Introduction to Modals and Block Kit

By Jason Wong

If you're learning about Slack apps, modals or slash commands for the first time, you've come to the right place! This tutorial will go through setting up your very own server using Glitch and have that server be the backend to your very own Slack app. Let's take a look through the technologies that we'll use in this tutorial.


Glitch is a online IDE (Integrated Development Environment) where you can collaboratively work on code and host your very own server. The second point is really important as it is a quick way to get up and running, without having to deal with figuring out which hosting solution you want for your app. Just as a note, Glitch should only be used for development purposes and should not be used in production.

Python and Flask 🐍

Python is a programming language known for being easy to read and popular among beginner coders. We'll use this in conjunction with Flask, which is a web framework that'll allow us to create endpoints that our app will interact with.

Block Kit

Block Kit is a UI framework for Slack apps that allows you to have beautiful, interactive messages within Slack. If you've ever seen a message in Slack with buttons or a select menu, that's Block Kit.


Modals are similar to a pop up that happen right in Slack. They grab the attention of the user and usually ask them to provide some kind of information or input.

Final Product

If you follow through with the extra credit tasks, your final app will look like this.

remix button


  1. Create a new app by clicking here, you're free to name it whatever you like.

  2. Head over to this Glitch project and hit Remix Your Own in the bottom right corner. This will clone the project and bring up your very own server! Most of the magic happens in the file and modal.txt is where your Block Kit modal lives. Feel free to change things up and play around!

    remix button

Also, here's a copy of what the modal payload looks like, this is what powers the modal.

	"type": "modal",
	"title": {
		"type": "plain_text",
		"text": "Gratitude Box",
		"emoji": true
	"submit": {
		"type": "plain_text",
		"text": "Submit",
		"emoji": true
	"close": {
		"type": "plain_text",
		"text": "Cancel",
		"emoji": true
	"blocks": [
			"type": "input",
			"block_id": "my_block",
			"element": {
				"type": "plain_text_input",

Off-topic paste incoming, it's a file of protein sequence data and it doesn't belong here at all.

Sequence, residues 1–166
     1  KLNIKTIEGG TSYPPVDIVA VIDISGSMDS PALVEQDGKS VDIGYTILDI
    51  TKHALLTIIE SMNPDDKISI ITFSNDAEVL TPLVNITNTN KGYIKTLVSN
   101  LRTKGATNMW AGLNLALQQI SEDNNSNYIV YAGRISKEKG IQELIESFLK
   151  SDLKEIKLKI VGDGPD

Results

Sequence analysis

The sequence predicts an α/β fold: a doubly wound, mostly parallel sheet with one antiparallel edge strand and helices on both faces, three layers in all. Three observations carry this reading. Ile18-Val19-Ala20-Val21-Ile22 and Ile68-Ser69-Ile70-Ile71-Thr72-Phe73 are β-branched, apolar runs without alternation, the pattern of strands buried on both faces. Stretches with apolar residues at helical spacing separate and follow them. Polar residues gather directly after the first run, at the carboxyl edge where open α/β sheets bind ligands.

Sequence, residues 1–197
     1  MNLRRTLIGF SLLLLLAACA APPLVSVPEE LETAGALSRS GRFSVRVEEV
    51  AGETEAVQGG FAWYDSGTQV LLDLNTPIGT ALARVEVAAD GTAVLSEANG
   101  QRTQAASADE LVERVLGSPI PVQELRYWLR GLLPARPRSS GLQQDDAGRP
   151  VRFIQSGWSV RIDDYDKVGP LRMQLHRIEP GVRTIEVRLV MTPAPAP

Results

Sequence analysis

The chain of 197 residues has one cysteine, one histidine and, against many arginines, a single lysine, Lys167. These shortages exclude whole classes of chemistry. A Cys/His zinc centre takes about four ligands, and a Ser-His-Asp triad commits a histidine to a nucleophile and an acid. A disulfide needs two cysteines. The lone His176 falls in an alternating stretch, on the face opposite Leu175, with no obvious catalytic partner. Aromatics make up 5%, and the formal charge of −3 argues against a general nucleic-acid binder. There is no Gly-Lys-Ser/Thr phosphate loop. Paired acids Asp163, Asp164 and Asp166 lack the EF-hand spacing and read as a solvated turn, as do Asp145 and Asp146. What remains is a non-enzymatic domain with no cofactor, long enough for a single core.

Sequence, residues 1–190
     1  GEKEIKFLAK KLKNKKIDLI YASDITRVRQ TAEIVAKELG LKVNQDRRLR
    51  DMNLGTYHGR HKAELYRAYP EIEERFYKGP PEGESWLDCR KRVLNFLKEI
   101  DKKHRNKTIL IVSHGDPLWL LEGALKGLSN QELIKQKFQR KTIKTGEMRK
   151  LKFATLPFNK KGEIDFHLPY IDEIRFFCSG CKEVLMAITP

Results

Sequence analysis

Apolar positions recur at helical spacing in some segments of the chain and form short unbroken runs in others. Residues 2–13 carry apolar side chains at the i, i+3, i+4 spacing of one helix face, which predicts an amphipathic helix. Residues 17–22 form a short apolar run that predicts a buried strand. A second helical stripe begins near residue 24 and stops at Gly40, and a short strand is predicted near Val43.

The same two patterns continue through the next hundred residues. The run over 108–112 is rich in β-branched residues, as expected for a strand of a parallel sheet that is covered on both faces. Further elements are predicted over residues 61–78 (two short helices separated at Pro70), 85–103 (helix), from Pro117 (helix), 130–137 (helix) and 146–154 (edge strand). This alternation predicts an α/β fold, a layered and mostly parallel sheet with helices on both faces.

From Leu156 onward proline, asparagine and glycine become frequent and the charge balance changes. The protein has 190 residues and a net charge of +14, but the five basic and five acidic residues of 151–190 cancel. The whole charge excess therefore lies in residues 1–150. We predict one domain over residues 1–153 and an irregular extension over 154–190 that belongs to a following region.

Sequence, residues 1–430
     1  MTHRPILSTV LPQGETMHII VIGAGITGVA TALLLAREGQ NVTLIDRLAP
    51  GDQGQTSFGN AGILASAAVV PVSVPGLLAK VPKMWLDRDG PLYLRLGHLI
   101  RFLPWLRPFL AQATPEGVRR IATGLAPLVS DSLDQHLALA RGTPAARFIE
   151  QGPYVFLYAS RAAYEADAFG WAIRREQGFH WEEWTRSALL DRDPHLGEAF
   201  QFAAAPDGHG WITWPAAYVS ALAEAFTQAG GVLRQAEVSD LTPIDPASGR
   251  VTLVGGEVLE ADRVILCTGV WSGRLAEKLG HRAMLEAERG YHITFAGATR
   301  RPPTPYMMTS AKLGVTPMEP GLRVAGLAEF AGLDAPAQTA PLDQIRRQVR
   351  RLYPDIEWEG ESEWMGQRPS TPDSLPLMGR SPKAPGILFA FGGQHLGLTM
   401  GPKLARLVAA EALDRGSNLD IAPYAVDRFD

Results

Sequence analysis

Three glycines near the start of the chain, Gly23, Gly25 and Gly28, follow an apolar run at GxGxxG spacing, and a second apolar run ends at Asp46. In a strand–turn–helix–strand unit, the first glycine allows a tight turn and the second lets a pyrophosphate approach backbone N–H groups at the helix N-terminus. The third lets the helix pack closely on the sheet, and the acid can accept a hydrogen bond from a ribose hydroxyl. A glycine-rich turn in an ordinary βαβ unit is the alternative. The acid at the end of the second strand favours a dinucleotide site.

"action_id": "my_action"
			"label": {
				"type": "plain_text",
				"text": "Say something nice!",
				"emoji": true
  1. Find the base path to your server by clicking the "Share", then "Live App" buttons and copying the first link.

    base link url

  2. Head back to your app page and navigate to Interactivity & Shortcuts and paste that base path URL you just saved and add "/interactive" after it. e.g. This allows for your server to retrieve information from the modal. You can see the code for this within the Glitch project under Step 4.

    interactivity URL

  3. Next, we're going to create the Slash Command so you can access it within Slack. Head over to the Slash Commands section in the left sidebar and create a new command. Note the Request URL is your base server link + "/slashcommand" after it. The code that powers the slash command and opens up a modal can be found within the Glitch project under Step 5.

    slash command details

  4. Navigate to Install App and install.

  5. After you've done this, you'll see a Bot User OAuth Access Token, copy this.

  6. Head back to your Glitch project and click on the little heart and key.env file and paste your bot token where the TOKEN variable is shown. This allows your server to send authenticated requests to the Slack API.

    heart icon

  7. Now that everything is set up, let's test by heading to Slack and typing /thankyou.

All done! 🎉 You've created your first Slash Command using Block Kit and Modals! The world is your oyster, you can create more and more complex modals by playing around first with the Block Kit Builder and if you have any questions please feel free to reach out to developer support at

Extra Credit!

How to getting the lovely feedback in channel somewhere. This part isn't required but it's nice to have so that you can actually see the feedback people are giving each other somewhere.

  1. Add the chat:write bot scope, this allows for your bot to post messages within Slack. You can do this in the OAuth & Permissions section on your Slack app.

  2. Reinstall your app to make sure the scopes are applied.

  3. Create a channel and name it #thanks. Next, get it's ID by right clicking on the channel name, copying the link and taking the last section that starts with the letter C. As an example, if your channel link looks like this,, then the ID is C123FCN2MLM.

  4. Add your bot to the channel by typing the command /invite @your_bots_name.

  5. Uncomment the Extra Credit code within your glitch and make sure to replace your_channel_id with the ID in step 2.

  6. Test it out by typing /thankyou and watch all the feedback come into your channel!

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